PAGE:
PRISON WARDERS SCREENING FOR TB AT KODIAGA
Community based TB care CHEWS training
Community based TB care CHVs training
Global statistics indicate that the TB burden is more acute in urban areas. However, in countries where large portions of the population are rurally located and reside in extreme poverty, TB is dominant among rural dwellers. Poverty and limited access to health facilities and health workers significantly diminish the ability of people with TB who reside in rural areas to obtain timely diagnosis and treatment. Stigma and widespread lack of knowledge about TB are also more common in rural communities.
In the implementation of TB activities, CINCO coordinates with health-care providers and community organizations to ensure the provision of direct services for TB patients. Our collaborators which include the public and private Health departments are responsible for providing centralized, coordinated systems for activities extending beyond individual patient care. CINCO health activities are linked to and supported by existing community structures and facilities.
- Networking, collaboration and partnership have been achieved with CBOs/FBOs, NGOs, Government, private sector and stakeholders working in prevention and control of TB/HIV
- Approach to care and TB prevention combines clinical services, counseling, nursing and psycho-spiritual care, which represents a continuum of care, from the health facility to the community and vice versa.
- Increased awareness of the community about TB risks and opportunities for protection by progressive research findings
- Enhanced teamwork among TB project implementers by active involvement of community leaders in HIV & TB controls.
CINCO promotes self/stakeholders/partners’ IEC materials on TB/HIV and opportunistic infections (OIs) management and services for clienteles and roll of CHWs in community health management; targeted beneficiaries, required tasks and knowledge; review of national and international guidelines; and adaptation of existing training materials.
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Frequently Asked Questions in TB
TB is usually an infection of the lungs. It is spread by sharing air with someone who is suffering from TB disease. If you are healthy, your body puts the TB germs to sleep. The germs are kept asleep forever unless your body becomes weak with age, disease or medical treatments. If the TB germs wake up, they can start to do damage to the body. When the damage starts, then you may have symptoms and spread the germs to others.
- A bad cough lasting more than 3 weeks
- Pain in the chest
- Coughing up blood or phlegm from deep inside the lungs
- Weakness or feeling very tired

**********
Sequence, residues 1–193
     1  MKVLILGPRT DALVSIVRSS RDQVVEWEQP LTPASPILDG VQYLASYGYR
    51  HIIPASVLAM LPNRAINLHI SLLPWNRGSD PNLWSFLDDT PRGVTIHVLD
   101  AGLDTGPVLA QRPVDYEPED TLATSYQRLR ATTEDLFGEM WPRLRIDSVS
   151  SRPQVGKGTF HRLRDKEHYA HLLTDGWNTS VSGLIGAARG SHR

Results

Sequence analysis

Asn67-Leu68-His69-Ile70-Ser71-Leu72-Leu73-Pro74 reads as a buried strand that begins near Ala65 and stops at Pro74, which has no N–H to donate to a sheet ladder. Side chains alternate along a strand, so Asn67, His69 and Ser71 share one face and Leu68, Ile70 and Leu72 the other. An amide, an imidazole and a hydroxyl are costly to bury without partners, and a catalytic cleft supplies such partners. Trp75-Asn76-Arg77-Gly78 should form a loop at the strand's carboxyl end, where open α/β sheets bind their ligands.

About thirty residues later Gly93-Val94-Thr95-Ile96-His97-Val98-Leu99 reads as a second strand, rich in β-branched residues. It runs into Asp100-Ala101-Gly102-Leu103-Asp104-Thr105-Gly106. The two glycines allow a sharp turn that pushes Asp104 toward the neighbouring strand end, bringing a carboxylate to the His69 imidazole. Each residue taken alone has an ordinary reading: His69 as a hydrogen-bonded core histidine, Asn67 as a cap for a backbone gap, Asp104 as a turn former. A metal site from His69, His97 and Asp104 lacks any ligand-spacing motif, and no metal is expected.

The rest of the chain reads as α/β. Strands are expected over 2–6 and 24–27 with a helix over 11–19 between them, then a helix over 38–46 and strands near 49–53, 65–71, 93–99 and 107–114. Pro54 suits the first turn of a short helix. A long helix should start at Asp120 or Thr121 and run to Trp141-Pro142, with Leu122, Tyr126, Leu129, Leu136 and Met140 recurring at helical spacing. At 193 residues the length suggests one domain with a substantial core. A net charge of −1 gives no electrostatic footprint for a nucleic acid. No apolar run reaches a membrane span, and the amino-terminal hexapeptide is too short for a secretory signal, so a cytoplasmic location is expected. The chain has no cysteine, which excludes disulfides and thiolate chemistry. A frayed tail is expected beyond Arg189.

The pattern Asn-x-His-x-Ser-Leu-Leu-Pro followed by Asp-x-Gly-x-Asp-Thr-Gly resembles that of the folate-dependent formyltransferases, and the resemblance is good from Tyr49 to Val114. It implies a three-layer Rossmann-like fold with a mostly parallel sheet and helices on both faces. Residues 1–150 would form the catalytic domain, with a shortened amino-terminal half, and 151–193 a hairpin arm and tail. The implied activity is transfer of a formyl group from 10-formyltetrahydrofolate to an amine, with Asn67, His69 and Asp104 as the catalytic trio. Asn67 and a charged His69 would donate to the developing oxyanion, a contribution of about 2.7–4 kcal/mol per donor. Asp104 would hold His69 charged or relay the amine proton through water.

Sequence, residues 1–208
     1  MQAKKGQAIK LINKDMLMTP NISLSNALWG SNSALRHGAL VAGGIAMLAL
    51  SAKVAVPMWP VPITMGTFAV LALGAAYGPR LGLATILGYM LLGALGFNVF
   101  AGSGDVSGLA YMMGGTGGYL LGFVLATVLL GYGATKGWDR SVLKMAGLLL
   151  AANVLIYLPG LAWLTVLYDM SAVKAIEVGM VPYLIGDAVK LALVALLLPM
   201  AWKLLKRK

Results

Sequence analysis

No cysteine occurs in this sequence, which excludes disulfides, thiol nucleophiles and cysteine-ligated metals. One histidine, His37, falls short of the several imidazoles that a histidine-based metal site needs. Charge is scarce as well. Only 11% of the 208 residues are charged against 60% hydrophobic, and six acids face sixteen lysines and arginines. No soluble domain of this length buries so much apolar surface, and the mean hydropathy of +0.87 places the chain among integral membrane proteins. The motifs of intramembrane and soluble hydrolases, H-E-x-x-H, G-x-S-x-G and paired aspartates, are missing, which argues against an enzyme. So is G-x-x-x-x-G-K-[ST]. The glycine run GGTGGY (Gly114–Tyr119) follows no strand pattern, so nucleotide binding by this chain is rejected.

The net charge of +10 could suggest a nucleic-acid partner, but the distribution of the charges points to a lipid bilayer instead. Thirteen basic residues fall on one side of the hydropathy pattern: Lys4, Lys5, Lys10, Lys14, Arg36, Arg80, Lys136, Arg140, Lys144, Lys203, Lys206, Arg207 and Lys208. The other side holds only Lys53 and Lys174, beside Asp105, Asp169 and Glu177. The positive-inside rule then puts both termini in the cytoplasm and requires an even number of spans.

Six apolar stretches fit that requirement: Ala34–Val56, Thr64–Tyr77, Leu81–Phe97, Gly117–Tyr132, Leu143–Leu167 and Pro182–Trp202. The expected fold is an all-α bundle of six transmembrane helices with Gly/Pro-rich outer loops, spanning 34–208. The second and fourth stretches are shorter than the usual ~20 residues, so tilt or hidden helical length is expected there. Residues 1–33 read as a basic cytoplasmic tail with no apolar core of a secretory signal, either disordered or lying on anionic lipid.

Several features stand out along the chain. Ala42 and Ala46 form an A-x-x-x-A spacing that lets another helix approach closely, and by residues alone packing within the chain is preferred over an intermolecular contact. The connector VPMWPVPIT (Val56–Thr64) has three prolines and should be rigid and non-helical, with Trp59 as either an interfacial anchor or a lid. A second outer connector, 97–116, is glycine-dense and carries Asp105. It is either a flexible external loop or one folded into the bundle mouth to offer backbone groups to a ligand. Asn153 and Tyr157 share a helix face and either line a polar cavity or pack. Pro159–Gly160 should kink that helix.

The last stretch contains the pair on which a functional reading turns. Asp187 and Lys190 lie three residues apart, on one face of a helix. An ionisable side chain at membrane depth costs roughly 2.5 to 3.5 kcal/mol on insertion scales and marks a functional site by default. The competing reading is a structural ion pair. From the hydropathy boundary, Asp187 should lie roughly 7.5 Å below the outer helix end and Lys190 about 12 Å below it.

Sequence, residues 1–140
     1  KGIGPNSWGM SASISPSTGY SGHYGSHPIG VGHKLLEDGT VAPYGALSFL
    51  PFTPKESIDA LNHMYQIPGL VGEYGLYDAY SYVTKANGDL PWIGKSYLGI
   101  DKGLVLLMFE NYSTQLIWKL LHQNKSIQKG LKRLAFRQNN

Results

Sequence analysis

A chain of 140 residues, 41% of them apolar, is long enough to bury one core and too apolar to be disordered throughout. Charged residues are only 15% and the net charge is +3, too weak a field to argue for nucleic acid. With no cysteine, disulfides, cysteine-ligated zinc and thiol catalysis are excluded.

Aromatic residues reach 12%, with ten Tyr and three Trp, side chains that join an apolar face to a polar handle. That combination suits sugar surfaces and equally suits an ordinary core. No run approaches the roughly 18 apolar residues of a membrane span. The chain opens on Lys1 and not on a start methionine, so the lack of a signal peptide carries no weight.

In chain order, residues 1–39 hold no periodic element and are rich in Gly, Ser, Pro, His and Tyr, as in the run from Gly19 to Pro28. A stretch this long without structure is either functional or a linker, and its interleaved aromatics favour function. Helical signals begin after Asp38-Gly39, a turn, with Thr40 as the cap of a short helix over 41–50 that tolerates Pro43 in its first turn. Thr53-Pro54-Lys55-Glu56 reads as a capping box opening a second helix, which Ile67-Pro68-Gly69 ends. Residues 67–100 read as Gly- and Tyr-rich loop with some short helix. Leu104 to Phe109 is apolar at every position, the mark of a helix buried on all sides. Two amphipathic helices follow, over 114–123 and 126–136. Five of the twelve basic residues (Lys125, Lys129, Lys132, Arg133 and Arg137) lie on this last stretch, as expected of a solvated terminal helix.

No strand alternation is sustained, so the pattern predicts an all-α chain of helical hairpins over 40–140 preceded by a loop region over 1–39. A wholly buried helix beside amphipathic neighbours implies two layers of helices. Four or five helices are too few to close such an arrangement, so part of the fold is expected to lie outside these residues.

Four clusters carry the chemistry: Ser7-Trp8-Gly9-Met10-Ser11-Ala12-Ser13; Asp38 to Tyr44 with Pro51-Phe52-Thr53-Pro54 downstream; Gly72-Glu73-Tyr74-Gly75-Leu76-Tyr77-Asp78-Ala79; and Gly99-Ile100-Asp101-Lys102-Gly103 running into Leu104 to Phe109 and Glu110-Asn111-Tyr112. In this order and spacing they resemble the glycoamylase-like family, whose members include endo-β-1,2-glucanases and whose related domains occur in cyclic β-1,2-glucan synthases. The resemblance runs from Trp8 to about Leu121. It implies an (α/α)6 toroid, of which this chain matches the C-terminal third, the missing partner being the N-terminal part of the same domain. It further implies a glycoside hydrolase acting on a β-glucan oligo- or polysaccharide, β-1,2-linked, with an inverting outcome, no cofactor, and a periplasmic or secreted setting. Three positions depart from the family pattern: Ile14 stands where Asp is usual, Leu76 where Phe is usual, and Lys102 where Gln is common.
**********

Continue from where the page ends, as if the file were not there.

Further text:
- Losing weight without trying
- Having no appetite
- Chills and fever
- Sweating at night or when you are sleeping
- Excessive fatigue
- People with TB usually have more than one of these symptoms and the symptoms continue if not treated.
- Health care providers must submit reports within one working day when a suspect or case is diagnosed, treated, or detected.
- Children under age 6 with a positive TB test must also be reported within one working day.
- Medical providers can call the Disease Prevention Unit of Yavapai County Community Health Services to report, or fax a Communicable Disease Report. All reports are confidential under HIPAA rules.
- TB presents in two ways - TB infection and TB disease.
- eople with TB infection are healthy and able to keep the TB germs "asleep". These folks cannot spread the TB germs. They may never develop TB disease.
- People with TB disease are suffering from TB disease. The TB germs are "awake" and doing damage to lungs or other organs of the body. They can spread TB germs when they cough, sing or sneeze.
- We can lessen the spread of TB and other germs with good respiratory hygiene.
- For more information, please visit the following website: Centers for Disease Control and Prevention (CDC) - Tuberculosis.
No, your private health care provider can also give you clearance.
Yes, if your chest x-ray is normal and you do not have symptoms of TB.
No, the CDC recommends chest x-rays when:
- You have your first positive TB skin test
- You have symptoms of TB disease
Our county does not have very many cases of TB, so our clinics do not have doctors on staff to evaluate the TB histories and skin test results. Our contracted physicians provide monthly review of the histories, x-rays and lab work done. Following these reviews we follow up with patients as needed.
- Call the appointment line in Prescott or the Verde Valley
- Bring the letter you received about being a contact with you to the appointment
- We will figure out what testing you need and when.
Not necessarily. The BCG vaccine (a TB vaccine given in many foreign countries) can produce a positive skin test result, but this fades after 5 years of receiving the vaccine. Many people with previous BCG vaccination will often have a negative TB result. People with a history of BCG are often from countries where TB is more common. BCG reduces the rate of severe forms of TB disease in children and overall might reduce the risk for progression from infection to TB disease. BCG is not thought to prevent TB infection. Test results for TB infection for those with a history of BCG should be interpreted by using the same diagnostic points used for those without a history of BCG vaccination.
- Call the appointment line in Prescott or the Verde Valley.
- Ask for an appointment for TB testing.
- f you have proof of a previous positive TB skin test, bring it to the visit.